We have shown that ConvNets are tolerant to bit flips and reduction in precision [1]. To accurately quantify the effectiveness of accepting bit errors under reduced memory supply voltages during ConvNet inference and training, we took measurements on an 8KB SRAM test chip in 28nm UTBB FD-SOI CMOS for emulating memory bit errors at low voltages [2]. The results demonstrate supply voltage reduction of 310mV on a MNIST ConvNet, resulting in 5.4x leakage power savings and 2.9x memory access power savings at 99% of floating-point classification accuracy, with no additional hardware cost.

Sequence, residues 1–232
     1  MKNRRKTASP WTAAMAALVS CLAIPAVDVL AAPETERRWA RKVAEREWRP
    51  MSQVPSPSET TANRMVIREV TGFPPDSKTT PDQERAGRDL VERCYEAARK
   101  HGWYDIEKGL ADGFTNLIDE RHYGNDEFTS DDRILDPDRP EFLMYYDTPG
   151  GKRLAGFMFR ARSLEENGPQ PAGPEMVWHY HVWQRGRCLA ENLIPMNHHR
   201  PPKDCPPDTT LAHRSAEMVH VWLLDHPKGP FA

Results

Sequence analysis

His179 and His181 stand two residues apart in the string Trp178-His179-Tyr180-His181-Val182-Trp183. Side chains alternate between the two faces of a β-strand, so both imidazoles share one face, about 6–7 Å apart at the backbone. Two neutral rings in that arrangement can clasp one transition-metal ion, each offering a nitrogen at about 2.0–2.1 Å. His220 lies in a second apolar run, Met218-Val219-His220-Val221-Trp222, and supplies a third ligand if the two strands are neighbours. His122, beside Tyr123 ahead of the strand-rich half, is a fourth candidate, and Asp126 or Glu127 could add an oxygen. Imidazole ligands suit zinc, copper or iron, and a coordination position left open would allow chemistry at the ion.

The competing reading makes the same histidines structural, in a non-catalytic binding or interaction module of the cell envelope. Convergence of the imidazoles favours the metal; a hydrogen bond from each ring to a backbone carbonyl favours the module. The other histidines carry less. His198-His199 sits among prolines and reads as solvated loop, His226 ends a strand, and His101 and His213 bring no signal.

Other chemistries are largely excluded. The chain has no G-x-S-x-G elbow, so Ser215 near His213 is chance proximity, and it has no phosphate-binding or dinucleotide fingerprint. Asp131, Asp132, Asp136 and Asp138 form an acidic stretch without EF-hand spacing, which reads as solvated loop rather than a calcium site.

HILMemory.png


[1] B. Murmann, D. Bankman, E. Chai, D. Miyashita, and L. Yang, "Mixed-Signal Circuits for Embedded Machine-Learning Applications," Asilomar Conference on Signals, Systems and Computers, Asilomar, CA, Nov. 2015.

[2] L. Yang and B. Murmann, "SRAM Voltage Scaling for Energy-Efficient Convolutional Neural Networks," International Symposium on Quality Electronic Design (ISQED), Santa Clara, CA, Mar. 2017, pp. 7-12.